The Hunt for Red Jobtober 2: Turning Down Work While Desperate

Job hunting is an unfortunate business. Combine the awkwardness of junior high-school dances with the continual let-down of door-to-door sales, and you start to get the picture.

“Hello, do you want to dance/hire me? No? Thank you for your time.” (Yells) I would never dance with you ANYWAYS!!

The last time I posted about job hunting, I spoke about my wife’s adventure of finding a job right after moving to Rochester. That was pretty cool. Since then, we’ve afforded to pay rent, utilities; I bought some new boxers the other day.

But I need a job too. My full-time school schedule allows for more than enough time for a part-time job. I’m sure I’ll regret this decision once finals come around. That’s okay.

My school offered me a healthy portion of money for work-study, but I couldn’t land a position with which to earn it! So far, my luck has been less than stellar. I’ve applied to Halloween stores, cafes, co-op markets, grocery stores—most recently, a music store.

Officially, I’ve been offered one job, and no, it wasn’t the Halloween store. I guess I didn’t fit their qualifications this year.

It was the local music store. Weird though, because I turned it down.

Kevie Don’t Play That

There’s just something about minimum wage that says, “If I could pay you less, I would.”  And I’m not down with that. You’ve got to value me, Sir Employer, just a little more.

The music retail situation was also unique in that the business structure was strikingly similar to what I interned at in California this year: retail, lessons, get more students, get more students, get more students. In the interview, I spoke to the owner about what I accomplished in California, and how I could grow his business. I looked around and saw a sad state of affairs, a local business in need of help, and I knew how to help it. He was looking for someone with an entrepreneurial drive to take his business to the next level, someone with ideas, spirit, and experience.


I was a damn valuable candidate, damn it. And I was on board, too, up until the point where he offered to pay me $7.25/hour to turn his business around. I told him that wouldn’t work for me, and then he offered $8.00/hour. I said I’d think about it, shook his hand, and left.

It’s so strange to turn down a job, especially when you really need it. But there’s no way I could’ve worked there. You need to be careful when job hunting. There’s a difference between undervalue and robbery.

I can work undervalued, no problem, if I have to, especially in new industries with little moral compromise. I recently read a book by a guy named Mike Michalowicz. He talks about, in business, never compromising your immutable laws, whatever those are to you. My job-hunt laws include never getting taken advantage-of and always working for people I respect and who respect me.

I mean, the music store guy had a ponytail and a gold necklace. I couldn’t do it.

So I’m left with a few open applications, an interview today. My school schedule (thanks to the last dibs I received as a new transfer student) is not very kind to employers.

But I’ve started copywriting on the side which is excellent. It’s not regular, but it’s a start. Maybe some more of that will come my way. Until then, wish me luck as I step back on to the dance floor.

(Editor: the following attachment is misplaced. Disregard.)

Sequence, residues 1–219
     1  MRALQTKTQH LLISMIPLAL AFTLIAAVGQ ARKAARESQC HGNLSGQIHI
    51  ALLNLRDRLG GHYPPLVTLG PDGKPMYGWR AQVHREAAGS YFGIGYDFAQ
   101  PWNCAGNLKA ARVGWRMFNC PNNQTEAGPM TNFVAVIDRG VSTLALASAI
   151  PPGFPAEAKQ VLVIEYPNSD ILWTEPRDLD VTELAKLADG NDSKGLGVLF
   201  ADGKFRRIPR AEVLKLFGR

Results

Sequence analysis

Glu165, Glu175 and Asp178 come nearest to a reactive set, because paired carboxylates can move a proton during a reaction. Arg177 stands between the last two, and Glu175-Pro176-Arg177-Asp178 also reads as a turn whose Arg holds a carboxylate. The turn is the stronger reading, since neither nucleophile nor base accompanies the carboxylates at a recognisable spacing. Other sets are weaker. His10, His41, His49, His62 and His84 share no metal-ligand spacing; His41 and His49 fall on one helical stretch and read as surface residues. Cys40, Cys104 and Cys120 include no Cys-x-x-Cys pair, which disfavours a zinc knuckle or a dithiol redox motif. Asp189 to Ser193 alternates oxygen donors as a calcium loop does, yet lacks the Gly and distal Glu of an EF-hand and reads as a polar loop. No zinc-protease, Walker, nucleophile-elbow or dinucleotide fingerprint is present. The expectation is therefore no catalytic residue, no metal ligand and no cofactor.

“Excuse me…”

What are your immutable job-hunt laws? Any good job-hunt stories?


Last Day of Work: Unemployment Eve

photoIt’s scary to leave a job. Even if you hate the job, it’s still scary. There’s the one or two days of “freedom.” You call your friends, maybe text, “hey, I’m free!” Then, after the smug clears, you realize there is no source of income. And all those people you complained about everyday, well you miss them.

I didn’t hate my job. I actually quite liked it. There were times where I did hate it, but that’s inevitable. Every job has its ups and downs; the real trick is to be able to see them through and laugh with your boss the next day.

Today is my last shift of a three year stint at Pilgrim’s Market in Coeur d’Alene, ID. My wife and I are moving to San Luis Obispo, CA on the first of the year for an internship.

Pilgrims is an entry level job. The second I announced my leaving, plans were made to replace me, and like that, I was replaced. Life goes on. Sometimes we like to pretend that our legacy is bigger than that. I don’t know. It’s a produce job.

I’d like to pretend I’m leaving behind some sort of void. I guess I’m narcissistic that way.

The other day, I overheard a new hire and the manager talking about what shifts she would take. “Well, after Kevin’s gone, Wednesday and Thursday will open”…

This must be how grandparents feel on their deathbed: lousy relatives rummaging through their things, claiming knick knacks before they’ve even seen the light.

“I can still hear you” I yelled.

It’s good to quit a job every now and then. It’ll test you, force you to do bigger and better things. We’ve done everything right: planned it, saved money, lined up future jobs, graduated schools…

It still seems shaky at best. It may just be that after all these years of entry level jobs, I’ve convinced myself that it’s where I belong. That maybe, I can’t do much better. I remember having the same nervousness the day I graduated high school. I forgot my sunscreen that day.

Here’s to three happy years at Pilgrim’s Market. A great job with incredible people. A place where I learned patience, kindness, and the difference between a turnip and a rutabaga. I will truly miss it.